Dr Van Zyl commented that the perhaps the Trade and Industry Consumer Affairs Committee could do something about it. Could they ask this Committee to do an investigation?
Mr Ken Andrew (DP) said that there were other bodies and legislation (such as the Usury Act) which ensures that an institution does not lend money unreasonably. FAIS goes in the other direction; it protects clients when they give money to banks through deposits. FAIS does not tackle irresponsible brokers in the banking sector.
Ms Hogan questioned why insurance brokers are there included?
Mr Andrew replied that they take money from the public.
Mr Wessels disagreed with Mr Andrew's approach. The central object of FAIS is to regulate market conduct. People do get bad advice on loans and it may be that loans belong here. But at this point the ambit of FAIS must be directed and they still need to grow capacity. Theoretically the situation with UNIFER brokers is that they are the same as insurance brokers. FAIS is taking huge steps but it would be logical to include loans at some point.
Ms Hogan said that there would be problems in this delineation, especially with respect to loan products. However, she could see the difficulty of opening up to loans right now. But was the FSB committed to including loan products? Is it just a capacity problem?
Mr Van Rooyen said that this speaks to the current review at policy level in the FSB and can be addressed as part of that debate. It is also part of the discussion around a super regulator.
A new position has been created; a deputy executive officer, who is also the deputy registrar. The executive officer is the registrar.
Clause 3(1) and (2), (3)
A decision taken by the registrar is to be put in a written form. A new Clause 3(3) obliges the registrar to consult with a regulatory or supervisory person referred to in Clause 42.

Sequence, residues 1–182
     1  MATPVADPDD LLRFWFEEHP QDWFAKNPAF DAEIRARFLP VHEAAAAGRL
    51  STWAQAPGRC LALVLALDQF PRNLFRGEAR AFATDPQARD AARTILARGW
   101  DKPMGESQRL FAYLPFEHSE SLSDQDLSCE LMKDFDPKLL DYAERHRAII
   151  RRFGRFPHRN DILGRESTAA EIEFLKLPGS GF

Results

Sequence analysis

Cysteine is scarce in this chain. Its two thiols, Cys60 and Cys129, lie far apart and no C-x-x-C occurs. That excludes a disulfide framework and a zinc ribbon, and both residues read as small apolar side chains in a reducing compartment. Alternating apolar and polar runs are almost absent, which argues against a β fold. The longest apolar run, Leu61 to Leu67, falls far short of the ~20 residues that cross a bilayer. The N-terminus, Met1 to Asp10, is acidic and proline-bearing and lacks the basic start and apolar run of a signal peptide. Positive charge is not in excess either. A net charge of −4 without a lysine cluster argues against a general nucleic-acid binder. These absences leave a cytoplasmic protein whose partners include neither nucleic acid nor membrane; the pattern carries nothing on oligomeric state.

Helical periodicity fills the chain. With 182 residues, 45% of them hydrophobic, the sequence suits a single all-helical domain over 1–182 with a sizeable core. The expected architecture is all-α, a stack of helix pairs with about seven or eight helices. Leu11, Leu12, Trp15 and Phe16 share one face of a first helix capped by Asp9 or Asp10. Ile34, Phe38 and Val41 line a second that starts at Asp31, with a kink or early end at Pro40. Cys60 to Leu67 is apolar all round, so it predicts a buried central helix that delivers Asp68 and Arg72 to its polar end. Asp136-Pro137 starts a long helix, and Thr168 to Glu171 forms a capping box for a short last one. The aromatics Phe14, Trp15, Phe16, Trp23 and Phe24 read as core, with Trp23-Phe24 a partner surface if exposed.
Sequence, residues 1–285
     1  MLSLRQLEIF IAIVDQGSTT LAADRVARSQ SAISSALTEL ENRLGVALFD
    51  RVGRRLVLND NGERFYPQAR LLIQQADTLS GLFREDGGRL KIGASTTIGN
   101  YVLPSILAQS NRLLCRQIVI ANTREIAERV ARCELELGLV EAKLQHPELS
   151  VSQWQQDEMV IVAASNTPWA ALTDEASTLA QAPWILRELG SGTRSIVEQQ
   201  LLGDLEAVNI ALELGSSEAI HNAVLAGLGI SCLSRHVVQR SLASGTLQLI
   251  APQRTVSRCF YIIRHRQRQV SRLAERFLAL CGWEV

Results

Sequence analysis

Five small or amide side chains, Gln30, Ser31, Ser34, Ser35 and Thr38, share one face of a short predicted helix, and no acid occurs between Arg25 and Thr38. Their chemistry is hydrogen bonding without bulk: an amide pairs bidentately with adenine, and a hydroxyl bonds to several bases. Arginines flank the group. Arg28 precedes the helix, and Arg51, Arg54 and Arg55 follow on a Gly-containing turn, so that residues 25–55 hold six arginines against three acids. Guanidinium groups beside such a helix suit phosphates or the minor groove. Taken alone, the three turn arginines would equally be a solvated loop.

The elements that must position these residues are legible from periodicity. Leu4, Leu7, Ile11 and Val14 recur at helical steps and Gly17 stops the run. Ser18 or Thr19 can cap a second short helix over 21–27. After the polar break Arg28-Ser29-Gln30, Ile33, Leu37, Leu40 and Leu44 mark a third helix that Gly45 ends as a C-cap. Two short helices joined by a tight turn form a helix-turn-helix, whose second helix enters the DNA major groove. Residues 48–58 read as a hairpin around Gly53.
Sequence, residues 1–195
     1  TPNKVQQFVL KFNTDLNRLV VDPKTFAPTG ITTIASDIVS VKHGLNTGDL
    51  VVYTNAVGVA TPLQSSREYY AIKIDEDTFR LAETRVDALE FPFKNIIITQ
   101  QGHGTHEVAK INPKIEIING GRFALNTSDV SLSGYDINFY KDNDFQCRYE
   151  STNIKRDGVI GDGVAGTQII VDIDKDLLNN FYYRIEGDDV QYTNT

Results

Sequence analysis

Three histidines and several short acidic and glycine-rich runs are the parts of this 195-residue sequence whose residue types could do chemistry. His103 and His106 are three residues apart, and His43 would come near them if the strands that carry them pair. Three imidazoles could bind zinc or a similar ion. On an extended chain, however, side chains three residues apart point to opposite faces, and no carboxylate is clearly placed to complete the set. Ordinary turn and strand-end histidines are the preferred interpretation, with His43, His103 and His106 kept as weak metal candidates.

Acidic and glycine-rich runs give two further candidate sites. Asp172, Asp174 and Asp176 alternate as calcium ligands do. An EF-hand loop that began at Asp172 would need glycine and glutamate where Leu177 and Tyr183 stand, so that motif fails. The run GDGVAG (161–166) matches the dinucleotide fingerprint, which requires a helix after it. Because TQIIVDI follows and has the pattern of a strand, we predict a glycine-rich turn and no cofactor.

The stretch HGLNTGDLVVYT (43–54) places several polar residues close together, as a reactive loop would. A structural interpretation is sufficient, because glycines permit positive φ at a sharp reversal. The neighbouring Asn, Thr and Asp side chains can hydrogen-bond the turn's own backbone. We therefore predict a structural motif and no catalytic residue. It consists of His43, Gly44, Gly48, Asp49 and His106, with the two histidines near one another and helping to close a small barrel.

The registrar has the power to extend time periods for his activities. Clause 4(3) has changed. It was questioned what the meaning of 'contrary to the public interest' was. This phrase was therefore substituted and deleted.
The registrar may seek an interdict urgently for interim relief pending an action which may take place at a later time.
An Advisory Committee on Financial Service Providers is being set up, on which three interested groups will have representation. In the meantime a shadow committee has been set up. This advisory committee will have to be consulted frequently. For now, things can be bounced off the shadow committee and they are hoping that eventually this shadow committee will become the real committee and they can then simply formalise issues. In this was they can expedite the process to meet the promulgation date of 1 April 2002. The Committee may be tasked with various duties and also have the provisions of the Commissions Act at its disposal.
The Minister may delegate down to the head of the National Treasury, the registrar or another official in the Treasury, except the power to make regulations. The Board may also delegate to the Chairperson, member of the Board or the to the registrar, excluding the power to make rules. If the delegated person omits doing anything the Minister or the Board remain responsible. There will be criteria set for subordination to others. There is already subordinate legislation, which has been commented on.
The Minister will publish a date in the Gazette and from this date no person may act as a financial service provider (FSP) unless this person has been issued with a licence in terms of Section 8. By the promulgation date of 1 April they hope to have subordinate legislation in place already.
In terms of Clause 7(2), if you buy a product, having been intermediated by someone not authorised, the contract with the product supplier will be enforced.